Commentary, Life
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Racist Language

It’s time to talk about language.

Racist language.

Systemic racist language.

“What’s that?” you may ask.

I’m not sure I want to answer you; I might put you on my blacklist.

Or, you may be one of the good guys; I want to answer you. I will whitelist you.

Do you see a pattern here?

Interestingly, when examining at least the English language, it appears rife with these racial innuendos, at least with color.

Take a look at this list of words and phrases below, compiled from the website Dictionary.com, with negative meanings and connotations around the word “black”.

black art

noun

witchcraft; magic.

 

black book

noun

a book of names of people liable to censure or punishment.

 

black comedy

noun

comedy that employs morbid, gloomy, grotesque, or calamitous situations in its plot.

 

Black Death

noun

a form of bubonic plague that spread over Europe in the 14th century and killed an estimated quarter of the population.

 

black dog

noun Informal.

melancholy; despondency; the blues:

 

black economy

noun

that portion of the income of a nation that remains illegally undeclared either as a result of payment in kind or as a means of tax avoidance

 

black eye

noun

discoloration of the skin around the eye, resulting from a blow, bruise, etc.

a mark of shame, dishonor, etc.: “These slums are a black eye to our town.”

damaged reputation: “Your behavior will give the family a black eye.”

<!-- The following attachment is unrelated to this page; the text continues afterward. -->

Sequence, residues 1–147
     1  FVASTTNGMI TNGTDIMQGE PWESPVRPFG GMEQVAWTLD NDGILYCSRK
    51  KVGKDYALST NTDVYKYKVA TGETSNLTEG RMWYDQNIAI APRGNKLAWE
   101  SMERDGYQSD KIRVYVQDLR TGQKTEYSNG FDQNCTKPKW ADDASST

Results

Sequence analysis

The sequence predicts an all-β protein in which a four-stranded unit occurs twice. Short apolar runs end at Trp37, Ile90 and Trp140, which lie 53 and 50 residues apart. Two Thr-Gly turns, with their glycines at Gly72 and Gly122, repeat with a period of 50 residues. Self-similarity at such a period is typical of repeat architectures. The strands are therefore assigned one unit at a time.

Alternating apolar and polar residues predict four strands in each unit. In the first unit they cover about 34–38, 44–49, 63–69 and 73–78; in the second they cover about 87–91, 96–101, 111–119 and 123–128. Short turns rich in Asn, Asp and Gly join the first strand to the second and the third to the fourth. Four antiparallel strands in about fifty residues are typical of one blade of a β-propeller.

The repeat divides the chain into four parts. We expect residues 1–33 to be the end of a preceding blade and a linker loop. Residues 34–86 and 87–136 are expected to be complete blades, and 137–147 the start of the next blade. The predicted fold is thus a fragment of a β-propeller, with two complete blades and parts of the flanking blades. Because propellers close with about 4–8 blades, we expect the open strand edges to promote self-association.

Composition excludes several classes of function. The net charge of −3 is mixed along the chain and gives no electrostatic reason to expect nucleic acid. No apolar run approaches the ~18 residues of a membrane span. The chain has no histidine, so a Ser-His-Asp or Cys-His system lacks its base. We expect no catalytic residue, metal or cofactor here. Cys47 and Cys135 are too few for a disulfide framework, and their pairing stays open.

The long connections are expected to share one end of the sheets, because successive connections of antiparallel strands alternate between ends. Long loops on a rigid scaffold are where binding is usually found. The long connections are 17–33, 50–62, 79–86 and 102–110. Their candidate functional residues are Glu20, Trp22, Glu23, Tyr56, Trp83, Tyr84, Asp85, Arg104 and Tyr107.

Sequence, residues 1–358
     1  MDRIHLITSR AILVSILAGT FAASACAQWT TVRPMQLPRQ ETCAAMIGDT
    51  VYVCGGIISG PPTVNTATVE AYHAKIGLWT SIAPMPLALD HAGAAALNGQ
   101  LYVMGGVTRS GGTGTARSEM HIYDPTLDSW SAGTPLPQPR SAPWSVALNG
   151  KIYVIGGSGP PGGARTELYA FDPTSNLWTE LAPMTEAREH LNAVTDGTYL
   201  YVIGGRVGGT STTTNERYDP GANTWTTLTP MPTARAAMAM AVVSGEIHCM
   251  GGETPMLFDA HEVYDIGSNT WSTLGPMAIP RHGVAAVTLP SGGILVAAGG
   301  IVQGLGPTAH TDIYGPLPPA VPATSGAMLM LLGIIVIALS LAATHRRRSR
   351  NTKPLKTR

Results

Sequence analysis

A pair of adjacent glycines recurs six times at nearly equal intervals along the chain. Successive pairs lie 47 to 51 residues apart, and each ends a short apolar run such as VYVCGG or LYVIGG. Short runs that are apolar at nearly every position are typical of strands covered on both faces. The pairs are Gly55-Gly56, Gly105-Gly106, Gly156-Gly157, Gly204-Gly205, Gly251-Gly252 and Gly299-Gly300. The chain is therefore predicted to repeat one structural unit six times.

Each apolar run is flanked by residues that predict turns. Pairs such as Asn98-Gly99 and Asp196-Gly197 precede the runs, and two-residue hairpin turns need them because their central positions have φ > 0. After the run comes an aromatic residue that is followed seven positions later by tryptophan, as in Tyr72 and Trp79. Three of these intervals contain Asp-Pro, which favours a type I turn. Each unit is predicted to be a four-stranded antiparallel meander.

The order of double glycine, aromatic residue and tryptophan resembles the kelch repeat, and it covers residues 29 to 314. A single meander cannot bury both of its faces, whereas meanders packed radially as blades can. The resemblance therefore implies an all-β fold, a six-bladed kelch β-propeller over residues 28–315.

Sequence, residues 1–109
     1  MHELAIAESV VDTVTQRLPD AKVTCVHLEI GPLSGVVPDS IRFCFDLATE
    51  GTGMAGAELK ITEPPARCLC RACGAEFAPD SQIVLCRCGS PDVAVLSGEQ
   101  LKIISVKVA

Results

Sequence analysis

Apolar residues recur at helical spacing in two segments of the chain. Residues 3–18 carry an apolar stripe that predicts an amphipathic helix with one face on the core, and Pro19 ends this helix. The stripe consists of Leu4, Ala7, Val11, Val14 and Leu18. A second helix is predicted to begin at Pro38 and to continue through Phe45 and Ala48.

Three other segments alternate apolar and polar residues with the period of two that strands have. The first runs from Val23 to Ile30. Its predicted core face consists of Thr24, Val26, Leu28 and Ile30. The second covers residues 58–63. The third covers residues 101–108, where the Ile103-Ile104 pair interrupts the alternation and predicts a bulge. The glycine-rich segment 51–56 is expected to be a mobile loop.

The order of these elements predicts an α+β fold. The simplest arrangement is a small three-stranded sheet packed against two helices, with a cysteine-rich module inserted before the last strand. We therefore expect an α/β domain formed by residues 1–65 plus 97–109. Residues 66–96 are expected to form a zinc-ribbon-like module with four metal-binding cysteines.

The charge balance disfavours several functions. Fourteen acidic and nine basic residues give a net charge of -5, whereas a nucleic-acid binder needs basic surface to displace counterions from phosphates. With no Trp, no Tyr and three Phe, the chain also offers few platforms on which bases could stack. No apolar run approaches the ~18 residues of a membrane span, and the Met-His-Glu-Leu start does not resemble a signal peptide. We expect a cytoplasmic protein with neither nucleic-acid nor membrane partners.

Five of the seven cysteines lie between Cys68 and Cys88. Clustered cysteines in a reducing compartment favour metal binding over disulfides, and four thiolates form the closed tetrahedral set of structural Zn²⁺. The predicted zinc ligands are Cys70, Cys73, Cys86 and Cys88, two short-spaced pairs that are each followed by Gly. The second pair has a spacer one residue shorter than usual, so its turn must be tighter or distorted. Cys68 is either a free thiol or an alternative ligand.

Black Friday

noun

September 24, 1869, the date of a financial panic sparked by gold speculators.

the day after Thanksgiving, one of the busiest shopping days because of discounts offered by retailers.

 

Black Hand

noun

Italian La Mano Nera. any of various secret criminal groups organized in Italy and operating in the U.S. in the late 19th and early 20th centuries, practicing blackmail and violence.

an anarchistic society in Spain, suppressed in 1883.

a nationalistic society in Serbia, suppressed in 1914.

 

black hat

noun

a villain, as in a cowboy movie; bad guy.

Digital Technology. a hacker who violates the security of a system without the knowledge or consent of the owner or developer, as for personal profit or for the gratification of causing damage.

 

black humor

noun

a form of humor that regards human suffering as absurd rather than pitiable, or that considers human existence as ironic and pointless but somehow comic.

 

black knight

noun

commerce a person or firm that makes an unwelcome takeover bid for a company. Compare grey knight, white knight

 

blacklist

noun

a list of persons under suspicion, disfavor, censure, etc.: “His record as an anarchist put him on the government’s blacklist.”

a list privately exchanged among employers, containing the names of persons to be barred from employment because of untrustworthiness or for holding opinions considered undesirable.

a list drawn up by a labor union, containing the names of employers to be boycotted for unfair labor practices.